For Jones, that hard-working mentality and respect for the trade means he's always focused on doing the best tattoos he can, regardless of content. At the same time, Jones knows that the meaning of a tattoo may be the most important thing for each piece he inks.
"The symbolism for the individual carrying the tattoo - what it means to them - can be the most important thing about it," Jones says. "I'm not worried about what the customer is portraying with a tattoo as long as it's not offensive, I'm just doing my best to make it look like the customer wants it to. How am I supposed to know why a customer wants a certain tattoo?"
Regardless of what a client wants to get or what it means to them, Jones believes everyone should get a tattoo at least once.
"Everyone should experience a tattoo at least once. It gets rid of the illusion that life is this super sacred, serious thing," Jones says. "It's like, you can't enjoy your car without a dent in it, because you're always worried about keeping it perfect. Or do you really even have any drinking stories if you don't have at least one about throwing up?"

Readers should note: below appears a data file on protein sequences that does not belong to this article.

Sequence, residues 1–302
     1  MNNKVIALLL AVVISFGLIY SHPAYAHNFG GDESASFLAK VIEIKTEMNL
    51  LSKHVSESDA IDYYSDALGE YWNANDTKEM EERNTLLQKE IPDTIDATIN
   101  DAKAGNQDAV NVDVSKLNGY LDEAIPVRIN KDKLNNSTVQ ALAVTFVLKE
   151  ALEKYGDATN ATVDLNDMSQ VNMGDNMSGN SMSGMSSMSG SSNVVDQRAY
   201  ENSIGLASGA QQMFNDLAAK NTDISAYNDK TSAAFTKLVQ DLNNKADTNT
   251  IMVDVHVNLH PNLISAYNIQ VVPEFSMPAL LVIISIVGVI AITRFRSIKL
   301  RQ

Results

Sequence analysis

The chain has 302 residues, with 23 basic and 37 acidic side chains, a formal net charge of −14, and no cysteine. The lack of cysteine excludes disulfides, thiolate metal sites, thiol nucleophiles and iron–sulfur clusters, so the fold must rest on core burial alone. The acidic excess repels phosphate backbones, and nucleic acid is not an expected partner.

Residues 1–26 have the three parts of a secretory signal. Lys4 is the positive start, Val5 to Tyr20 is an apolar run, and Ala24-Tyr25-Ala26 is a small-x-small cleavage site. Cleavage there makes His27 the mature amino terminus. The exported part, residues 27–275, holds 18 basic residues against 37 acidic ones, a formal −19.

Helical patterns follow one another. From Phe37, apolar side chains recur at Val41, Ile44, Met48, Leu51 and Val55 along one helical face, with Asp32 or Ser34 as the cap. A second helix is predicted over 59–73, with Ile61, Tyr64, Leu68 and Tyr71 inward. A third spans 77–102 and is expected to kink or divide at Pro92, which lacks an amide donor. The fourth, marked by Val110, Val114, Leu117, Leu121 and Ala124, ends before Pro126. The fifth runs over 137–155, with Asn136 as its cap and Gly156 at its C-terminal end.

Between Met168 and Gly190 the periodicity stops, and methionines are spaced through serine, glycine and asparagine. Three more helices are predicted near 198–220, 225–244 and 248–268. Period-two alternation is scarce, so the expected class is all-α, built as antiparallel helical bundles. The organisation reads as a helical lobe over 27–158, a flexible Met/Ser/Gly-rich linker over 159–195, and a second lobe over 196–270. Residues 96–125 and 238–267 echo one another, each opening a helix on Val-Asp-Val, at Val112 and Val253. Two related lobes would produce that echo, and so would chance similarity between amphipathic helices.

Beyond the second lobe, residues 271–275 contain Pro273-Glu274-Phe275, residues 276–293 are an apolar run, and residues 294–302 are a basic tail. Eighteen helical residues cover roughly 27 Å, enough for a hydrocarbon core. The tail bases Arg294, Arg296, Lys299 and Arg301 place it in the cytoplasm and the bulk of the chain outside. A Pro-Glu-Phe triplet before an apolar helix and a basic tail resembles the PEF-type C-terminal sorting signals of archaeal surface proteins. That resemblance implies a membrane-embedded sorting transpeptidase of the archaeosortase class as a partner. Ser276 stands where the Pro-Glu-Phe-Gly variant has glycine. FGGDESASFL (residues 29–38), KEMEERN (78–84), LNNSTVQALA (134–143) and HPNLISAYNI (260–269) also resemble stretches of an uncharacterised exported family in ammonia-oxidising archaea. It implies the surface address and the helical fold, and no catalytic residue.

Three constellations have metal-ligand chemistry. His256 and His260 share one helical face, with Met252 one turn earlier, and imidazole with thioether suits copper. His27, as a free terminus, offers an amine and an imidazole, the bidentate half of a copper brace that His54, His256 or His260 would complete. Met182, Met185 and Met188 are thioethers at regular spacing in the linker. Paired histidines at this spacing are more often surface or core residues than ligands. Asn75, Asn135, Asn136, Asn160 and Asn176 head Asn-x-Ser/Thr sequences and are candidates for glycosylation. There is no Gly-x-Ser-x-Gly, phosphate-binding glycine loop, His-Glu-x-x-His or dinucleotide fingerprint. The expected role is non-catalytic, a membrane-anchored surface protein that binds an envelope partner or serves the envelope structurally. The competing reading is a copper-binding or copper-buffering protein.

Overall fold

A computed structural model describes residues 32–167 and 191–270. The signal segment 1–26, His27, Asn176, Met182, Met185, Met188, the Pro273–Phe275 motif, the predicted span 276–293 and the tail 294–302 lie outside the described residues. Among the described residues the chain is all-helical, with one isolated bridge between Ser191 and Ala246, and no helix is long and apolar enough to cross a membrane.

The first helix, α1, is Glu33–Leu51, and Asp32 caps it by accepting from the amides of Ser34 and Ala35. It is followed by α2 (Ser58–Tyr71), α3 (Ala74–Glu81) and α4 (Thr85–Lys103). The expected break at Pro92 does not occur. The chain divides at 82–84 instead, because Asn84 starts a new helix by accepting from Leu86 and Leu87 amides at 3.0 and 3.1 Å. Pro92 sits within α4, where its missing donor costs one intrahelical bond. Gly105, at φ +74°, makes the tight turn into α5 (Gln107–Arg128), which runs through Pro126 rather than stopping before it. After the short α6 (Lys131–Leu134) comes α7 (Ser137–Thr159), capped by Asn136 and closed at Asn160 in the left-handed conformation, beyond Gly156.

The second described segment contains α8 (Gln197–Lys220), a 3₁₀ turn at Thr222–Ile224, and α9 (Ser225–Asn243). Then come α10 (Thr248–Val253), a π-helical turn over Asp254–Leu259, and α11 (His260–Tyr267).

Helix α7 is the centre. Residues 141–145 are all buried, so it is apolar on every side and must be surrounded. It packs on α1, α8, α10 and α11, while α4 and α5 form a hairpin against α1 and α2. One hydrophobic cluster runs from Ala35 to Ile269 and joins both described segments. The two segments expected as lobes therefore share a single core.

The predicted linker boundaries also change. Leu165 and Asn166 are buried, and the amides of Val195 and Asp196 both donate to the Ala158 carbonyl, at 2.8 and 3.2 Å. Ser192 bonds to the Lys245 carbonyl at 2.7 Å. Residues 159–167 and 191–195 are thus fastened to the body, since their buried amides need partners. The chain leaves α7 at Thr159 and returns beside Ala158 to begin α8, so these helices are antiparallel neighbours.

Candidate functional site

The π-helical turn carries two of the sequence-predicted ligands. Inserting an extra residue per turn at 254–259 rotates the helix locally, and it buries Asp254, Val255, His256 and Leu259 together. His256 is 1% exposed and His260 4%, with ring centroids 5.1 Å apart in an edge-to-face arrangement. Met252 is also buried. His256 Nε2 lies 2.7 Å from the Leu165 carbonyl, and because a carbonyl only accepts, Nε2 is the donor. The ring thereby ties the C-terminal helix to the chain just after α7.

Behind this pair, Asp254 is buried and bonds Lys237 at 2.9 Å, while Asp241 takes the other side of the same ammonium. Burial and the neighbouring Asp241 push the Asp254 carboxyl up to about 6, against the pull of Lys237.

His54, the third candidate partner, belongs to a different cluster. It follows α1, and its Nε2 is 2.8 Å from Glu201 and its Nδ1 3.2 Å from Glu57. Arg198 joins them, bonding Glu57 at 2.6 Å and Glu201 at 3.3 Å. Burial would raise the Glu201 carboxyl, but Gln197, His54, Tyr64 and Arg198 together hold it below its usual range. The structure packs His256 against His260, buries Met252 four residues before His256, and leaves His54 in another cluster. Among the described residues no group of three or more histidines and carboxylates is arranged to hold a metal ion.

How has the tattooing industry changed since you started tattooing? I don't know that there's too much "Wizard of Oz" magic left in tattooing. A lot of people have been working really hard for a decade or more on the craft, but now they can learn the same amount in a year. It seems like someone compromised on the integrity of the craft to make a quick dollar by making online videos to teach people how to tattoo. There used to be a magic to tattoos. Now, that's getting lost.